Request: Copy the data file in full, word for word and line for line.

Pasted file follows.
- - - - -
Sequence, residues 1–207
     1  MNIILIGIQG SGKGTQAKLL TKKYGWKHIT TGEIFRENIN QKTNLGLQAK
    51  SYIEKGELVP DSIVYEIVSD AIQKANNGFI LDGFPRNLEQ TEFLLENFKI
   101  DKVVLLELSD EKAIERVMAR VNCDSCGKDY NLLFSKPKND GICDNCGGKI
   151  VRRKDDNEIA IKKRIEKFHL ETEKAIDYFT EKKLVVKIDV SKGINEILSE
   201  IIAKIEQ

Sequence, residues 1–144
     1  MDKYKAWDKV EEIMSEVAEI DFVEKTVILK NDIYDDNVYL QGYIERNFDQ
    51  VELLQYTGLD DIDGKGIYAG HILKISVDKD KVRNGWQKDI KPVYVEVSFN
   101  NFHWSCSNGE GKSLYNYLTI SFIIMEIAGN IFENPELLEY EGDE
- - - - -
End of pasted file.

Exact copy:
Sequence, residues 1–207
     1  MNIILIGIQG SGKGTQAKLL TKKYGWKHIT TGEIFRENIN QKTNLGLQAK
    51  SYIEKGELVP DSIVYEIVSD AIQKANNGFI LDGFPRNLEQ TEFLLENFKI
   101  DKVVLLELSD EKAIERVMAR VNCDSCGKDY NLLFSKPKND GICDNCGGKI
   151  VRRKDDNEIA IKKRIEKFHL ETEKAIDYFT EKKLVVKIDV SKGINEILSE
   201  IIAKIEQ

Sequence, residues 1–144
     1  MDKYKAWDKV EEIMSEVAEI DFVEKTVILK NDIYDDNVYL QGYIERNFDQ
    51  VELLQYTGLD DIDGKGIYAG HILKISVDKD KVRNGWQKDI KPVYVEVSFN
   101  NFHWSCSNGE GKSLYNYLTI SFIIMEIAGN IFENPELLEY EGDE